Egypt’s climate policy has evolved from following international commitments to a long-term strategy to become a regional leader in addressing climate change. Egypt has also established national strategies, made commitments, and set up steering mechanisms for climate change since joining the United Nations Framework Convention on Climate Change in 1994. Egypt launched its intended NDC in 2015 [61,62] and the updated NDC in 2022 [63], covering 2015–2030, and has expressed its commitment to a sustainable future and a just transition. The National Climate Change Strategy 2050, launched in 2022, provides a comprehensive framework for climate action to 2050 [64] with goals on mitigation and adaptation and aims to overcome governance, financing, technology, and awareness constraints. The strategy includes establishing specialized units in all ministries to foster coordination and has 26 high-priority projects to be completed by 2030 [64].
Egypt’s commitment to tackling climate change challenges is augmented by being the first country in Africa to host the Conference Of Parties (COP27) in Sharm El-Sheikh in November 2022 [65]. Under the presidency of Egypt, Parties could reach a significant milestone in climate negotiations by agreeing on establishing the “Loss and Damage” Fund to translate Article 9 of the Paris Agreement 2015 into practice [18]. Accordingly, developed countries will allocate money to this fund to finance climate mitigation and adaptation programs in developing countries [2] (Article 9). One of the most recent and comprehensive programs in line with Egypt’s National Strategy on Climate Change 2050 is the Country Platform for the Nexus of Water-Food-Energy (NWFE) program, initialized at COP27 [66]. It aims to mobilize international financial and technological support through a multi-stakeholder approach to address the interlinked energy, water, and food risks and integrates nine high-priority climate action projects for adaptation and mitigation.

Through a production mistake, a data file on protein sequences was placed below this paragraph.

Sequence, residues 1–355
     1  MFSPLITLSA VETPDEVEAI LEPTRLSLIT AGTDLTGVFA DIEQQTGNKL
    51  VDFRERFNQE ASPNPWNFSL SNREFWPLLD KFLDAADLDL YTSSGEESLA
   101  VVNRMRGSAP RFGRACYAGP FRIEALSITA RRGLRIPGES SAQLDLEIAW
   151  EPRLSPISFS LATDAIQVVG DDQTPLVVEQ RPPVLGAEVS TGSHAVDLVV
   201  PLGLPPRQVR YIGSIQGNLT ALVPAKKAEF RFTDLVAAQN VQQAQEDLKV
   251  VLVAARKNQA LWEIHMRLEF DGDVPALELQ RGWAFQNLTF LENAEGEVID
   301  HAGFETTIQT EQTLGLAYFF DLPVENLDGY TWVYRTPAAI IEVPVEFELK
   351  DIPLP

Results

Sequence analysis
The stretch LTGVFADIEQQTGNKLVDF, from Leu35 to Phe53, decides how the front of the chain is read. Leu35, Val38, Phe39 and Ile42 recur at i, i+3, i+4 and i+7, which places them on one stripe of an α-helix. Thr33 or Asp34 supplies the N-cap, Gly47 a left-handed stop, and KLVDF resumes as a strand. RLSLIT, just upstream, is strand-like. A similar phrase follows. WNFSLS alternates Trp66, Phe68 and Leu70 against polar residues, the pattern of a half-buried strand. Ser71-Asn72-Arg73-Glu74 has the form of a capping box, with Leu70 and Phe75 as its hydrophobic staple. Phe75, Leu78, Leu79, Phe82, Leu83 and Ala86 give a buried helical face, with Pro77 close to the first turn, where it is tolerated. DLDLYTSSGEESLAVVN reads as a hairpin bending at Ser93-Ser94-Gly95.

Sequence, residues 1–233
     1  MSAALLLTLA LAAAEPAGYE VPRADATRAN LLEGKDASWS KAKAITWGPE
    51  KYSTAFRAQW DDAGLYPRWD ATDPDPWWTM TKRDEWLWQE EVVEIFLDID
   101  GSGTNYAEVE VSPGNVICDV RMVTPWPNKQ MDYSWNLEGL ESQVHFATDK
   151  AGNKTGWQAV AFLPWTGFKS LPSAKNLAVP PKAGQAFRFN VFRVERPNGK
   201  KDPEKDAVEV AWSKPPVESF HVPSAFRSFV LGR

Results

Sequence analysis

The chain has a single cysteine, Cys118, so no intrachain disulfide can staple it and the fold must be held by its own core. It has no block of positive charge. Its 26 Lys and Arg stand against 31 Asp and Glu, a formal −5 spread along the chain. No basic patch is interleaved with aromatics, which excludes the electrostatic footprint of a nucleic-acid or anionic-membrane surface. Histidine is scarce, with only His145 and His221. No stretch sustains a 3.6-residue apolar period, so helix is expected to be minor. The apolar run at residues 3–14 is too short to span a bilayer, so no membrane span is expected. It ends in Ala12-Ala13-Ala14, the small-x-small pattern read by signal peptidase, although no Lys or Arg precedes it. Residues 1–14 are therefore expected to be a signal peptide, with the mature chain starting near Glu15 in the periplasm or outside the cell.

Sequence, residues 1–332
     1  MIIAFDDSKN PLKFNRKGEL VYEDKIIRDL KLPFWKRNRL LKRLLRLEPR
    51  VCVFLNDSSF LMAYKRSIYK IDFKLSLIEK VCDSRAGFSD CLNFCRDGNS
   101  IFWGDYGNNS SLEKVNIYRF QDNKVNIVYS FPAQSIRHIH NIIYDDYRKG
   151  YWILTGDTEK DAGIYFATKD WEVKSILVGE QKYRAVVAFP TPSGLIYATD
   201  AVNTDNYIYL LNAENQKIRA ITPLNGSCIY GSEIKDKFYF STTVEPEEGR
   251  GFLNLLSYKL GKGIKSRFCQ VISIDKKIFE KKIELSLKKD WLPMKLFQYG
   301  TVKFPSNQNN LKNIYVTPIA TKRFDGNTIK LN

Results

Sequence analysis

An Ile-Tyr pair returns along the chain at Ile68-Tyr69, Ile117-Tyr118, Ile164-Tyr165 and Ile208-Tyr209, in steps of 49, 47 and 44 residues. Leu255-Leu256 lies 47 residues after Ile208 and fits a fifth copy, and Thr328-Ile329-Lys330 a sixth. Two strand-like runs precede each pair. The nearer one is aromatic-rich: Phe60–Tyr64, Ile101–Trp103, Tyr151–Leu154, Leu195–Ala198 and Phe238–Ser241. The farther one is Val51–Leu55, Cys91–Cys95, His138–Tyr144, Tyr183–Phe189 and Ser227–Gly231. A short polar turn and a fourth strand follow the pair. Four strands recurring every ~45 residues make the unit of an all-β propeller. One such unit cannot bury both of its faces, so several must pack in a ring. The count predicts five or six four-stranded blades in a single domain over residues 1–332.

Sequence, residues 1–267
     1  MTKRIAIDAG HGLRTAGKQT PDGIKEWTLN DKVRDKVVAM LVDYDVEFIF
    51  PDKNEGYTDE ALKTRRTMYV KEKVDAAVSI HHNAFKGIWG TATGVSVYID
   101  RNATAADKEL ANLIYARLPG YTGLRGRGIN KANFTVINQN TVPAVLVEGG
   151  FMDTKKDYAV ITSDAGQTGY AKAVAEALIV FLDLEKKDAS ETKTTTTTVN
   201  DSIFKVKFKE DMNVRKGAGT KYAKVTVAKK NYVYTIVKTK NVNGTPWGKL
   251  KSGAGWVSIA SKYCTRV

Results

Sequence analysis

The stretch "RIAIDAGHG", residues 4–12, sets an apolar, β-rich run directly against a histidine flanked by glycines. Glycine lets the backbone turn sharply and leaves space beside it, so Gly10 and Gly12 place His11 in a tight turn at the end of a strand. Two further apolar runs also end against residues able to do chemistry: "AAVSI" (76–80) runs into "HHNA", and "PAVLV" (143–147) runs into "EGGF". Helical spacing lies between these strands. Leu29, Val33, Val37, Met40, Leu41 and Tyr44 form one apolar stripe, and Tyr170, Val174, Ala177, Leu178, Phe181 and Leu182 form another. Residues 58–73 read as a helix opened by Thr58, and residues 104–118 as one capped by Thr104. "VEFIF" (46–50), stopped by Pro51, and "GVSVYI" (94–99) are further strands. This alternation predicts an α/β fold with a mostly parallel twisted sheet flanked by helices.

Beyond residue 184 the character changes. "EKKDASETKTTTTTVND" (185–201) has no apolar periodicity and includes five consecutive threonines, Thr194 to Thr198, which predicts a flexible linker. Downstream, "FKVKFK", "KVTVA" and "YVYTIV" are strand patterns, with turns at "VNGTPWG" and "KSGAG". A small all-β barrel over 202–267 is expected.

4.1.3. Climate Adaptation and Mitigation Measures and Achievements

Egypt has implemented various climate policies striving for the mitigation and adaptation goals of Vision 2030. The following briefly overviews the most significant measures and achievements in relation to the first and second NDCs considering energy, agriculture and livelihoods, urban development, and the green finance Egypt NDC [61,63].